Nautilus is one of the most commonly used file manager for GNOME. One
of the reasons for its popularity is its extensible architecture that
allows developers to write scripts to customize it. Even if you are a
command line person, extending Nautilus will result in dramatic
increase in productivity. In this post, I will discuss the multiple
ways in which Nautilus can be extended and the relative merits in each
The first step in extending Nautilus is to find the set of actions that are tedious (atleast not straightforward) – Tasks that need
additional clicks or switching to terminal to get completed. The next
step is to determine if there are command line tools available to
automate the task or the task can be completed by additional code –
Again since you are extending Nautilus, the task involved has to
relate to files or folders. For eg, opening a file as administrator is
a "relevant" task but starting a nuclear war from Nautilus is not !
Informally, it is easy to extend Nautilus if your task falls in the
following categories : Adding new entries in context menus (or in
toolbar) that involve selected files/folders or current folder, add
additional custom properties to files and display those details in
list view, modify the properties page to display additional tabs with
information etc. There are other possibilities but these are the most
If the above discussion sounds very abstract let us give some examples :
- Open a terminal in the current folder or open the selected file as root.
- Selecting a few audio files and adding them to Rhythmbox "Now Playing" queue.
- Selecting a few files and sending them to thunderbird for attachment
- Display IMDB details about the selected movie file in the property page etc.
The above examples show a gradient of use cases in the order of
complexity. Some of them are so simple that they can automated using
simple means. Tasks like (4) are tricky and need powerful tools.
Selecting the right tool is important and we will discuss how to
select the best approach.
Different Approaches to Customize Nautilus Context Menus Like
everything in Linux, there is always a variety of ways to customize
Nautilus ranging from simple to complex. In this post, we will discuss
the three most common approaches :
- Using tools like nautilus-actions
- Using Nautilus scripts
- Using extensions written in nautilus-python
As before, all my discussion will be focused on Ubuntu but it should
be relatively easy to apply to other Linux distributions.
Customizing Nautilus context menu using nautilus-actions This is
probably the easiest method. All you need to know is the shell command
or script to perform the task. Nautilus actions provides an intuitive
GUI to decide on the filters and the actions to be performed. This
approach works best if the following conditions are met : a. the task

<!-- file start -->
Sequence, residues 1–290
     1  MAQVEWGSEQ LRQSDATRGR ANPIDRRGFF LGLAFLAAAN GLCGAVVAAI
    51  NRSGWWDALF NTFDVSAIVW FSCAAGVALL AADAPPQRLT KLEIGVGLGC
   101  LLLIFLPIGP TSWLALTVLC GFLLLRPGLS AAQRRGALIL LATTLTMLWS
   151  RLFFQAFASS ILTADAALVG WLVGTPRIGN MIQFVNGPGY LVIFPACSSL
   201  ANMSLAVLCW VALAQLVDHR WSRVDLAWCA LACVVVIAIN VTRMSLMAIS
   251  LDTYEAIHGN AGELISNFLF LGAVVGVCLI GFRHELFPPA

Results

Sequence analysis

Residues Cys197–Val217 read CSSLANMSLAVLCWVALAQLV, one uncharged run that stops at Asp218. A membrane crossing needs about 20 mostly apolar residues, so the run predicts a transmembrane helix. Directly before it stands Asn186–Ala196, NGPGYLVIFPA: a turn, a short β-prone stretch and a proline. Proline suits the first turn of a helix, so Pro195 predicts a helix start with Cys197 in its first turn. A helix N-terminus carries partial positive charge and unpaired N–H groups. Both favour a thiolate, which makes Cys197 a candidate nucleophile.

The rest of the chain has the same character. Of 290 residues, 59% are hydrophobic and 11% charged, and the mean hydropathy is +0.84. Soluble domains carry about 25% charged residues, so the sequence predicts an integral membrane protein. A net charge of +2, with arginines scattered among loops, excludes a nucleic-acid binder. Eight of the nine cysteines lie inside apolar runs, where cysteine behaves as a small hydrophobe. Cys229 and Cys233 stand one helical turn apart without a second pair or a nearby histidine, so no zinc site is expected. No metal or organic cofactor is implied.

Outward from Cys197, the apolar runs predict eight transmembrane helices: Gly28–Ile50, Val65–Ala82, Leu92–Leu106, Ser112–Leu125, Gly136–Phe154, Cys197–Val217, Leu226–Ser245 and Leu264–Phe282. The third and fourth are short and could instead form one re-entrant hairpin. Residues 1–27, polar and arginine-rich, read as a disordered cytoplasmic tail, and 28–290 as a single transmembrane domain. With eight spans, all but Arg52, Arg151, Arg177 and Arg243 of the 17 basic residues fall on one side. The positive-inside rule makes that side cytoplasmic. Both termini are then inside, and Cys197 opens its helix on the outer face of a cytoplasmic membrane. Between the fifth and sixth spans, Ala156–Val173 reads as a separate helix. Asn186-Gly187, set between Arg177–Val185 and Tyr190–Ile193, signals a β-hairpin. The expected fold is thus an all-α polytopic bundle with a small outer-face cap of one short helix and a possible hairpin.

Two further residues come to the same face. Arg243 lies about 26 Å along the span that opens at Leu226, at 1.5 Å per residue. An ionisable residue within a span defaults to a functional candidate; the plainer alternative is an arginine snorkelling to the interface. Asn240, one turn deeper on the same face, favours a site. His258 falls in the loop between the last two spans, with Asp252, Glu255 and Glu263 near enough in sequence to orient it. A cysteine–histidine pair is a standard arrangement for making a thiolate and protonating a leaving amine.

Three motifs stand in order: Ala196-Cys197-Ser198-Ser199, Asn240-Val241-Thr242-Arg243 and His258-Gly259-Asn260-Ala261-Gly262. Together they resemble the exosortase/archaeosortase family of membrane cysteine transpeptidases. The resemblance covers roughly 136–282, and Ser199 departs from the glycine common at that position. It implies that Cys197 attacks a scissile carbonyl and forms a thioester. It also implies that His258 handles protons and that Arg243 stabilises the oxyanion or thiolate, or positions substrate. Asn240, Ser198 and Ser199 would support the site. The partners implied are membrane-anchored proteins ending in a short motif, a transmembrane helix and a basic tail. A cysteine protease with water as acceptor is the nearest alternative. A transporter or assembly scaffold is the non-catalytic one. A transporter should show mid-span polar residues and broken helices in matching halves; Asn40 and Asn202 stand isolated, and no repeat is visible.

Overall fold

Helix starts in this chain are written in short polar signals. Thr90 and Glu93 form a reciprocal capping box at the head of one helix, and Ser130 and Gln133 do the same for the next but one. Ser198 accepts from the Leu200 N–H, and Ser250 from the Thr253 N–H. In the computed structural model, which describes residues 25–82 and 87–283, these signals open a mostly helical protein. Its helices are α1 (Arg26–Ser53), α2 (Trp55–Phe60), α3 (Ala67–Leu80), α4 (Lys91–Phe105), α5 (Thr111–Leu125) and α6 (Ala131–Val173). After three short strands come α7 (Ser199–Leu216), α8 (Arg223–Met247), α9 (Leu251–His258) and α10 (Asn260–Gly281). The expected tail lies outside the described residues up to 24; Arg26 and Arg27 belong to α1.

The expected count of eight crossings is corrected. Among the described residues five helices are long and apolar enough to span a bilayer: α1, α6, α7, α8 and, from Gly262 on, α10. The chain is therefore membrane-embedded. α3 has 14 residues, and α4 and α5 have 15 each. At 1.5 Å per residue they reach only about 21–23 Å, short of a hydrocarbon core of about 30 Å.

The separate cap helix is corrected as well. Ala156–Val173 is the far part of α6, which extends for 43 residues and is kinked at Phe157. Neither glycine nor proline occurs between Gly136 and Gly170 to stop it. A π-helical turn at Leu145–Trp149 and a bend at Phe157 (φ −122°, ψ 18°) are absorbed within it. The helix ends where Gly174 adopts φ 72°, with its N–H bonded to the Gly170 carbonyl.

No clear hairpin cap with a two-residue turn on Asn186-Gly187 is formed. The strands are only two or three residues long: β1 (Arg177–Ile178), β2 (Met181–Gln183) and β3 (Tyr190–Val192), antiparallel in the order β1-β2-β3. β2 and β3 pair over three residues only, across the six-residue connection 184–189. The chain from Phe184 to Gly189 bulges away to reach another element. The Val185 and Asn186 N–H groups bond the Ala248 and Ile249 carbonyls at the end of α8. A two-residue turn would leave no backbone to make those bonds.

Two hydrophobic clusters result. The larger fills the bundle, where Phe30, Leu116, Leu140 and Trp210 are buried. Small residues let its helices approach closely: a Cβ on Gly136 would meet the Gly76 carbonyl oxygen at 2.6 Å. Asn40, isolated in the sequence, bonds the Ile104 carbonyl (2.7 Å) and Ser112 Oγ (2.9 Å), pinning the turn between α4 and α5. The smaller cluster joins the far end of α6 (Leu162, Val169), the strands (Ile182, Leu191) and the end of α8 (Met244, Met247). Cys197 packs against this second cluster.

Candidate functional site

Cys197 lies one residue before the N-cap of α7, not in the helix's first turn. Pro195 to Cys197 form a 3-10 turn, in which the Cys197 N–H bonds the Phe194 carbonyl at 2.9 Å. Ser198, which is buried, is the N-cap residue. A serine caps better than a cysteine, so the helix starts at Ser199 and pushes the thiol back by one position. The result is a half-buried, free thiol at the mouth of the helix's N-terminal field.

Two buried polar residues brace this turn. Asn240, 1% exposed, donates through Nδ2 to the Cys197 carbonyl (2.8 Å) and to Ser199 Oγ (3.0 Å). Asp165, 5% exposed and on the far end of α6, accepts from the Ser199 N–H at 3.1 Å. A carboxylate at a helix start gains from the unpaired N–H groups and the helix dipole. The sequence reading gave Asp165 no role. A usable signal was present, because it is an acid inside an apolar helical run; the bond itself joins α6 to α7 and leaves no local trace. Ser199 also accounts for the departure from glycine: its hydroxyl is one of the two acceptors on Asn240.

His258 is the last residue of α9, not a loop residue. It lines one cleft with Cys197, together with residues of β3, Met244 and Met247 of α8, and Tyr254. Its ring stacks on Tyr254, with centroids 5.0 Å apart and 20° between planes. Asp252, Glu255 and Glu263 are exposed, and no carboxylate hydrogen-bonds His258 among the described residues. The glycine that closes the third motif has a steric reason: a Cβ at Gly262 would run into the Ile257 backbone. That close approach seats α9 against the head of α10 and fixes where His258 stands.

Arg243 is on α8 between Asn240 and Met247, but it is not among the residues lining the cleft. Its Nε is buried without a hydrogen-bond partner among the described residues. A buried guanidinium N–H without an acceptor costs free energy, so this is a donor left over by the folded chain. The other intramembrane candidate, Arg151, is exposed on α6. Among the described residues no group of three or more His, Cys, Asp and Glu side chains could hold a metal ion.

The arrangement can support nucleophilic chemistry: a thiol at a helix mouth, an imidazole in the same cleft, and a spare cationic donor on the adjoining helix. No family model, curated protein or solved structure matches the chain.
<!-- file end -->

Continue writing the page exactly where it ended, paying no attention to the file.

you want to be automated is easily translatable in command line b.
the command line utility accepts the arguments in a relatively simple
form (eg space separate arguments etc) c. The command line utility
depends only on information pertaining to the selected file/folder.
To install the package, type the following at terminal (or install
this package from Synaptic) :
sudo apt-get install nautilus-actions
Once the package is installed it can be accessed at System ->
Preferences -> Nautilus Actions Configuration. I will only give a
basic discussion here as there is a decent tutorial on how to create a
new action at How To Add Custom Functionality To Nautilus.
Let us take a simple example – If I right click on a folder , I want a
new menu which says, "Open Terminal Here" and when it is clicked, a
new terminal must be opened and the working directory of the terminal
must be the selected folder. The first step is to find if it can be
expressible in a "single" command. Find the name of the command to
invoke the terminal – it is called gnome-terminal. Read the man page
to find that it accepts an argument "–working-dir". When provided, it
starts the terminal in specified folder.
Now start the Nautilus Action from System -> Preferences -> Nautilus
Actions Configuration . The steps are : a. Create an action. b. In
"Action" tab, give the action some name and select "Display item in
selection context menu". If you want it to be visible in the toolbar,
it can done too ! Select "Display item in toolbar" and choose some
icon. c. In the command tab, give "gnome-terminal" as path and
parameters as "–working-directory=%d/%f". The %d and %f are special
codes that will be expanded when the command is invoked. To see other
special codes and what they mean, click on the "Legend" button. d. In
"Conditions" tab, select "Only Folders".
Now open a new Nautilus window , select a folder and right click.
Presto ! You will see a "Open Terminal Here" menu. Select it and you
will see a new terminal open with the selected folder as its current